The Tivoli Villas are unanimously considered the highest symbol of the beauty and charm of ancient Tibur. Villa Adriana and Villa d’Este have been included in the UNESCO World Heritage List.
Villa Adriana is the archaeological symbol of Tivoli and testifies to the magnificence of the Roman Empire. Built by the emperor Hadrian as an imperial residence, it was accessed through two roads (via Tiburtina, Via Prenestina) or by navigating the Aniene river. In the villa the emperor wanted to reproduce those monuments that during his countless travels, especially in Greece, had fascinated him: the Pecile, a huge garden, surrounded by a portico with a central swimming pool and used for summer and winter walks; the Canopus, a long basin of water decorated with columns and statues which culminates in a temple surmounted by a dome in segments; the Accademia, the ‘secret garden’ of Emperor Hadrian, located on the Esplanade of the Academy, the highest, real Acropolis of the Villa.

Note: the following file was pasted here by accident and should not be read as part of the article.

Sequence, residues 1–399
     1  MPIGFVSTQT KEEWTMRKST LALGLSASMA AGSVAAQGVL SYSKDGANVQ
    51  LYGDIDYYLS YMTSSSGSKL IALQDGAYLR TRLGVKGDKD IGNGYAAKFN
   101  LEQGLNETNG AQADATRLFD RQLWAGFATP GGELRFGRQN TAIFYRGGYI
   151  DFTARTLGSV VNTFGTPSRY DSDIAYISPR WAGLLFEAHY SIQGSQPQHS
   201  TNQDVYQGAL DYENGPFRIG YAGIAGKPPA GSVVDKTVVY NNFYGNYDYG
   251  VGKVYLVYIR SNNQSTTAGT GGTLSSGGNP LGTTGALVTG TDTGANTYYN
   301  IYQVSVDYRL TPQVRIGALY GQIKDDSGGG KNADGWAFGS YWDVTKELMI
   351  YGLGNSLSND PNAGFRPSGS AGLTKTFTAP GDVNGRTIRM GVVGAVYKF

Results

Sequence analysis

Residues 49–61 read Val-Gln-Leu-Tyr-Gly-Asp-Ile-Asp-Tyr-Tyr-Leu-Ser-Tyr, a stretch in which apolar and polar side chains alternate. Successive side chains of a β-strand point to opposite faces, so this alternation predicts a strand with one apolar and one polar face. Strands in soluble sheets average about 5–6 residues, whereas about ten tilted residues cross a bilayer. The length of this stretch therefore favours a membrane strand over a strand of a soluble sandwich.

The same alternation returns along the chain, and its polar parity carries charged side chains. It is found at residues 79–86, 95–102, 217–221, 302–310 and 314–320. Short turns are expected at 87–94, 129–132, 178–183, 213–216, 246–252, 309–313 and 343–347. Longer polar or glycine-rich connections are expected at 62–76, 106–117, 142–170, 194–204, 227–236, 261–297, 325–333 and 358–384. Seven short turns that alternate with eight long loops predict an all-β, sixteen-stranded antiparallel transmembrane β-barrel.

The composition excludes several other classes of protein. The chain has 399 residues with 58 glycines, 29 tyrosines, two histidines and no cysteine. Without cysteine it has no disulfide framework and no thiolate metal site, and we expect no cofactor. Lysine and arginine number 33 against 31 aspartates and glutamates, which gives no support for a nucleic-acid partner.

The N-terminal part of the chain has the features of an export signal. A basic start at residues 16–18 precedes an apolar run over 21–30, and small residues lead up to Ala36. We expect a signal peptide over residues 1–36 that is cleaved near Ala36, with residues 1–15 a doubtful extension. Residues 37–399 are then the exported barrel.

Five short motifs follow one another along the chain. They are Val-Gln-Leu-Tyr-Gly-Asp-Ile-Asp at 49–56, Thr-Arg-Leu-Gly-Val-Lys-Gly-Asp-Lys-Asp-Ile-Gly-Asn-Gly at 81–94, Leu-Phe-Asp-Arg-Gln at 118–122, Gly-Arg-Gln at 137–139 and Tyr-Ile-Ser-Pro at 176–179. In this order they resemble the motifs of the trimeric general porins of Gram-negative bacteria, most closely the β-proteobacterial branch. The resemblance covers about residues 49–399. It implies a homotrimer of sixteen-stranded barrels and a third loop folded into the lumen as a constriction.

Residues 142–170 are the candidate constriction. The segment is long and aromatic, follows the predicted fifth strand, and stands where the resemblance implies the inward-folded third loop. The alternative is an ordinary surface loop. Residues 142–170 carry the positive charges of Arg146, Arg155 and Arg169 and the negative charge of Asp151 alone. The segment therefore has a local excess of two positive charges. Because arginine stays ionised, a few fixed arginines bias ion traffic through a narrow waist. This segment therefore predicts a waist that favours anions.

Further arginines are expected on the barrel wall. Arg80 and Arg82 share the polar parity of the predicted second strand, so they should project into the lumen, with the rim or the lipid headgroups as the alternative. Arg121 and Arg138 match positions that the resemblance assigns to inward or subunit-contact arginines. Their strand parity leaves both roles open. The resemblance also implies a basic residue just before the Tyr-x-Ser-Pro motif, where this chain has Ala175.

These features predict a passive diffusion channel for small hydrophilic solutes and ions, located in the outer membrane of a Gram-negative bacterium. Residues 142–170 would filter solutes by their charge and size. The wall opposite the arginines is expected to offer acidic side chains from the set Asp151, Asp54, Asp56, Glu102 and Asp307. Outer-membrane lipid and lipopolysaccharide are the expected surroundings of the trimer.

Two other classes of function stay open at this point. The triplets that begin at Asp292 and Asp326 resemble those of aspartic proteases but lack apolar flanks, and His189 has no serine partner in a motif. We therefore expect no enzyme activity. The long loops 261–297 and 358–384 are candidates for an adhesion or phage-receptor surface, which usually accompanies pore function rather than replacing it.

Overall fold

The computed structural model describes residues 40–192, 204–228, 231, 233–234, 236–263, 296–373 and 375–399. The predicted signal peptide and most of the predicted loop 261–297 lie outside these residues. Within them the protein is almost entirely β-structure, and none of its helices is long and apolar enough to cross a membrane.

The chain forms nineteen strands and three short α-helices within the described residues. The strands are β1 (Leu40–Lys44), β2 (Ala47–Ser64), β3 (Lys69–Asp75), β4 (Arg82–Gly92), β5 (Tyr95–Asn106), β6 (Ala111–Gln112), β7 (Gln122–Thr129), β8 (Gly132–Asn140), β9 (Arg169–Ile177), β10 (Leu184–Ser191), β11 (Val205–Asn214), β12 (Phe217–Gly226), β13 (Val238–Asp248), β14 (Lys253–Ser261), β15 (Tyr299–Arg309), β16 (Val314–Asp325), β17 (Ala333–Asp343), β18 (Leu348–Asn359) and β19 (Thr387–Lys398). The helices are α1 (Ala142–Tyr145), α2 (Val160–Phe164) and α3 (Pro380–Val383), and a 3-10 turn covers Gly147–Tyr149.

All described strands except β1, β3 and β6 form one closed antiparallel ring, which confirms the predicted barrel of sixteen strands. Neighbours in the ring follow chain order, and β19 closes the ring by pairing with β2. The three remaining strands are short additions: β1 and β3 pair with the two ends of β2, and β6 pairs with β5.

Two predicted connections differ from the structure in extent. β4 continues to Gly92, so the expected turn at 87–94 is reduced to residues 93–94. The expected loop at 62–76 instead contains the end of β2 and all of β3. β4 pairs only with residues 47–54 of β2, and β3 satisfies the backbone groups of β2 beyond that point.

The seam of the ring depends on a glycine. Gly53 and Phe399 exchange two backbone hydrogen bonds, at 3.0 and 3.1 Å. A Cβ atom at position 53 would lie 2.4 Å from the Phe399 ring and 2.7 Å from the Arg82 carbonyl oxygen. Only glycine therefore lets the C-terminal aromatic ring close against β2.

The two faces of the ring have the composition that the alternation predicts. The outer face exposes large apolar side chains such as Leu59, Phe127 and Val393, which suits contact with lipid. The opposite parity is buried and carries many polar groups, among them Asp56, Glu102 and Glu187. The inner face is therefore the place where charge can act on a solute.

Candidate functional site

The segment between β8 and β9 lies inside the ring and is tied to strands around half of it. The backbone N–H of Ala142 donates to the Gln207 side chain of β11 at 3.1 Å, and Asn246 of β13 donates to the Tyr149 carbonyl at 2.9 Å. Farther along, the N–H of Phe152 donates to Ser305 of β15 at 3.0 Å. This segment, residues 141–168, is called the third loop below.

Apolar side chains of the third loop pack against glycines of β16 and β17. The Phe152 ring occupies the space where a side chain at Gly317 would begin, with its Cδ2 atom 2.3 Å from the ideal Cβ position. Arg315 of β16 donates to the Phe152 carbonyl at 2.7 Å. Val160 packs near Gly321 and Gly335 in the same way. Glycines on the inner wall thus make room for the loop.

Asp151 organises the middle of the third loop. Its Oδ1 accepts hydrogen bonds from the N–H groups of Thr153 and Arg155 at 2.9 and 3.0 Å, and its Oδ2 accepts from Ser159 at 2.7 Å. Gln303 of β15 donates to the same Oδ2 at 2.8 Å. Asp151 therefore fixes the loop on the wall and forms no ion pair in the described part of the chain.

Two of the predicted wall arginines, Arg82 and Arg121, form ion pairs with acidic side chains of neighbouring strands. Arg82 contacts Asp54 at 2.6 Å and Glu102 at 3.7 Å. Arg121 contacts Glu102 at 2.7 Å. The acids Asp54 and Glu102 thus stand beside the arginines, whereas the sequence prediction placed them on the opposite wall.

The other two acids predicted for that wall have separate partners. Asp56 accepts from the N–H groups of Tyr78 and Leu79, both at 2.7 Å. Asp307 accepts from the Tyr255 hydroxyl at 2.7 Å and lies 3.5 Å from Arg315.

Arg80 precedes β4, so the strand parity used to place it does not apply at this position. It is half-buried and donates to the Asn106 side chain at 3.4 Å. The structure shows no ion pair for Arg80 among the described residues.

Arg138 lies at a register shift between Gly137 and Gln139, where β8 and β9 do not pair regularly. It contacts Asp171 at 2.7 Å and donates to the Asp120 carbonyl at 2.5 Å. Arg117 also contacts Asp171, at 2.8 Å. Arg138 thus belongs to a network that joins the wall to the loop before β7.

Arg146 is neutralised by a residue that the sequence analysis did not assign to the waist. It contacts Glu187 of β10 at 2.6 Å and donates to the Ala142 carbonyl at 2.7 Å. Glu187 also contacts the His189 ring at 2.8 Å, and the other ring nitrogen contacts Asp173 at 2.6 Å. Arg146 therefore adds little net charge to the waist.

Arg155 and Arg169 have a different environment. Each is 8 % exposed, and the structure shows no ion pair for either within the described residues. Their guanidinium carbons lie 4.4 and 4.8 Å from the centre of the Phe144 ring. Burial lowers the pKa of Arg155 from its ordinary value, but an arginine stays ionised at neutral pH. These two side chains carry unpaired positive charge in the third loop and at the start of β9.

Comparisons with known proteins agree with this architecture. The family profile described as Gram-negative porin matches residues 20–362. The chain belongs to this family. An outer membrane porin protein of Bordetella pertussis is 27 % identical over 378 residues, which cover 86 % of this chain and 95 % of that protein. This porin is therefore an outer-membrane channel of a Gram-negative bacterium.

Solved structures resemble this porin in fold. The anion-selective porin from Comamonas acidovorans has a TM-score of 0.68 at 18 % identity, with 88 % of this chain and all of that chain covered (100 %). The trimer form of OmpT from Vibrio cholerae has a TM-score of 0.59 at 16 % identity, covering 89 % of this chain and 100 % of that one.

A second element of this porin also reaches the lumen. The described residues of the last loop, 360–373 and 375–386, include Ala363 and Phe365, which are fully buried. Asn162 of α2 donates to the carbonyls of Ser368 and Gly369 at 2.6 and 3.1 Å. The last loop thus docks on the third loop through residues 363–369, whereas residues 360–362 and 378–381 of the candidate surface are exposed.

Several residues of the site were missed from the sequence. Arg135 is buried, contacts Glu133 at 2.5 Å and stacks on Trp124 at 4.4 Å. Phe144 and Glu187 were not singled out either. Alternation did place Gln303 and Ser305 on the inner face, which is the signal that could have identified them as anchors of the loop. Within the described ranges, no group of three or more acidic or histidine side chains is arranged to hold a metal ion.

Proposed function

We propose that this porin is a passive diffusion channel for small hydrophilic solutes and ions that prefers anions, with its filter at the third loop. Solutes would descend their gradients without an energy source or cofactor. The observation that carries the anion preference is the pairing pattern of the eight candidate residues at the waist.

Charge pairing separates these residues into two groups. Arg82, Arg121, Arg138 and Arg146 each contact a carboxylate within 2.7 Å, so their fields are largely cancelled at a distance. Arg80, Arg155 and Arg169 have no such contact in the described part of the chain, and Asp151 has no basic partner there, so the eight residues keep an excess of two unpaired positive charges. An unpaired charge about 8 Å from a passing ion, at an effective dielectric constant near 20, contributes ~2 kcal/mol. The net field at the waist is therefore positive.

Villa d’Este is one of the treasures of Tivoli, a splendid example of Renaissance architecture included by UNESCO in the list of World Heritage Sites. The construction of Villa d’Este was commissioned by Cardinal Ippolito II d’Este, governor of Tivoli from 1550, who wanted to revive the splendor of the courts of Ferrara, Rome and Fointanebleau in this villa.
The impressive concentration of fountains, caves and water features represented a model repeatedly emulated in the European gardens of Mannerism and Baroque.
A prominent place occupies the splendid garden of the villa, designed by the painter and architect Pirro Ligorio: articulated between terraces, stairways, avenues and slopes, the garden recalls the Hanging Gardens of Babylon, while the water supply system, with an aqueduct and a tunnel under the city evokes the engineering wisdom of the Romans.
At the end of the tour, you will relax in your comfortable, air-conditioned minivan until the return to your hotel.